The Syfy channel likes its weirdness in neat little packages.

• In "Eureka," beginning its fourth season today, a U.S. marshal and his daughter (Colin Ferguson and Jordan Hinson) are stranded, then take up residence, in a strange town in the Northwest. It turns out to be a settlement for scientists conducting out-there research that goes awry far more often than it goes right.

• In "Warehouse 13," which began its second season Tuesday, two FBI agents (Eddie McClintock and Joanne Kelly) are assigned to a top-secret storage facility in South Dakota that holds the world's collection of strange, supernatural, goofy and dangerous artifacts. Armed with purple "neutralizer" goo, they travel the world to track down problematic pieces and contain them.

• And now, in "Haven," arriving today, young FBI agent Audrey Parker (Emily Rose) is sent to small-town Maine on a routine fugitive case and discovers that the town is named "Haven" for a good reason: It's a sanctuary for people trying to keep a variety of paranormal powers in check.

The Maine setting should be a clue that "Haven" has a Stephen King connection, and it does. The series is billed as being inspired by a 2005 King novella, "The Colorado Kid."

Arriving in dramatic fashion when her rental car plunges to the edge of a cliff, Audrey meets Nathan Wournos (Lucas Bryant), an adorable policeman who cannot feel pain, and becomes his unofficial partner in solving not just her case but several more interesting puzzles. Eventually, she tells her boss she'll stay in Haven a while — which might be just what someone (or something?) wants.

"Haven" gets off to a bit of a slow start, although it almost certainly will improve when seen with special effects intact rather than in the extremely rough cut provided for review by Syfy. A subplot delving into Audrey's past, about which she knows nothing, could wind up being involving.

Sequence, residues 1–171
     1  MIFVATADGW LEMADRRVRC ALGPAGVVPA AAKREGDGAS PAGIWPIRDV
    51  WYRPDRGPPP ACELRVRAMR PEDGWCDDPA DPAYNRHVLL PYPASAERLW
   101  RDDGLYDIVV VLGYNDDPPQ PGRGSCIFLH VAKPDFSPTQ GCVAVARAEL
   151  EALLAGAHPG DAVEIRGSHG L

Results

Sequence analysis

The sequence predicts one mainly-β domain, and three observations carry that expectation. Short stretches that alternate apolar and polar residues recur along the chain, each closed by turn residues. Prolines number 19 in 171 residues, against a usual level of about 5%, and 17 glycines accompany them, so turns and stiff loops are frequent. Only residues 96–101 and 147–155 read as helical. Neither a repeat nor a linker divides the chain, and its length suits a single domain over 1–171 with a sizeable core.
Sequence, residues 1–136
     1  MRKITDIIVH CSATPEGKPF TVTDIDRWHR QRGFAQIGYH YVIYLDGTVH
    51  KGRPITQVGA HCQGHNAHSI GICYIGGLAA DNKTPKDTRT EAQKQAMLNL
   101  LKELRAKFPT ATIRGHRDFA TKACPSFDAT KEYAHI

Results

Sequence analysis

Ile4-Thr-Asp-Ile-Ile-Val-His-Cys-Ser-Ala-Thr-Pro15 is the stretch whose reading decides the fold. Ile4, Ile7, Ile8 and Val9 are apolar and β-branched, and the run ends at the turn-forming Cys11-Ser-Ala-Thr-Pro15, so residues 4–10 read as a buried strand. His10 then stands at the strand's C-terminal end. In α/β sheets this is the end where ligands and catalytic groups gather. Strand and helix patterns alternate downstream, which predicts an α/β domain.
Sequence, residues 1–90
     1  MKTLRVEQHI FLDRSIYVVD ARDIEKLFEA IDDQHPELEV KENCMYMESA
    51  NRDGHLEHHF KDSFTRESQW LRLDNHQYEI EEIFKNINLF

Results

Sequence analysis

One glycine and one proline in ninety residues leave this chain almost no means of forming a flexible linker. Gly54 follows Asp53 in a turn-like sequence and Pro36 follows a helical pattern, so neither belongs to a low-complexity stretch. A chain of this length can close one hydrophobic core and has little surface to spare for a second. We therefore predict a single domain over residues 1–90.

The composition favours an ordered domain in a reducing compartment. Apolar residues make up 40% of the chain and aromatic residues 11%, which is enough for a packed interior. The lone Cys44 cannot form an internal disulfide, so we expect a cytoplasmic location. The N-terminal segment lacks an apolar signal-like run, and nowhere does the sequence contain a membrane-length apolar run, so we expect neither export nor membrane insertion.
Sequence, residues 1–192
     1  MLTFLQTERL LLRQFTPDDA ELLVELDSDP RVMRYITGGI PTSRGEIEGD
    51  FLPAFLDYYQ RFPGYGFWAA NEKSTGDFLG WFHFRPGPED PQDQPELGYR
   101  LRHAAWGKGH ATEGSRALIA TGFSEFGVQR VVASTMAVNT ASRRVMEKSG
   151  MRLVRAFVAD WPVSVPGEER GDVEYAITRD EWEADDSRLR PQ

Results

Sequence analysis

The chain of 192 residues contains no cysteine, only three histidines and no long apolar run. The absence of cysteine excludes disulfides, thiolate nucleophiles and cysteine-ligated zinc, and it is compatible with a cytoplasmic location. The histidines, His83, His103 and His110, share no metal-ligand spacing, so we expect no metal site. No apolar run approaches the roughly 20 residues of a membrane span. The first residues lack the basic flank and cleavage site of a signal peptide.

Like "Warehouse 13," "Haven" is an example of where Syfy wanted to go a year ago when it adopted its new name, dropping "Sci Fi Channel" and announcing that it would expand its offerings beyond hard-core science fiction to attract a broader audience, including more women.

"We don't want to be in the niche space," network president Dave Howe said at the time. "We want to be in general entertainment."

Some fans of that niche were infuriated, accusing the network of abandoning the audience on which it was built. But the "brand evolution," as Syfy calls it, has been successful, the network said on its first anniversary.

In its first season, on the strength of its humor, accessibility and character-driven stories, "Warehouse 13" became the most-watched series in the network's history, averaging 4.1 million total viewers.

"Eureka," which adds "Battlestar Galactica" veteran James Callis to the cast for Season 4, averages 3 million viewers per episode, and the network hopes to boost that even more via a "Warehouse 13" crossover set for Aug. 3 and 6.

Among what Syfy calls its "imagination-based entertainment," reality shows also play an increasingly important part. In addition to the "Ghost Hunters" franchise and "Destination Truth," the network is creating a Thursday night reality block, which launches next week.

It includes "Mary Knows Best" (8 p.m. Thursday) featuring Mary Occhino, a psychic, radio host, author and "matriarch of her colorful Long Island Italian-American family," and "Fact or Faked: Paranormal Investigators" (9 p.m. Thursday), which follows former FBI agent Ben Hanson and a team as they try to determine whether reported events are real.

Syfy will also continue its deliberately ridiculous and cheesy Saturday night original movies with titles like "Stonehenge Apocalypse" and "Dinocroc vs. Supergator."

But come this fall, the Syfy brand will expand further to include a show that might be called fiction, but probably not science.

"WWE Smackdown," the long-running entertainment-wrestling series that had aired on MyNetworkTV (Channel 46 in St. Louis), will move to Syfy in October. The deal will bump the science-fiction shows that had aired Fridays, including "Stargate Universe," to a new block on Tuesday nights.

And just how does "Smackdown" fit the Syfy brand?

Howe cited the series' "fantastical thrills."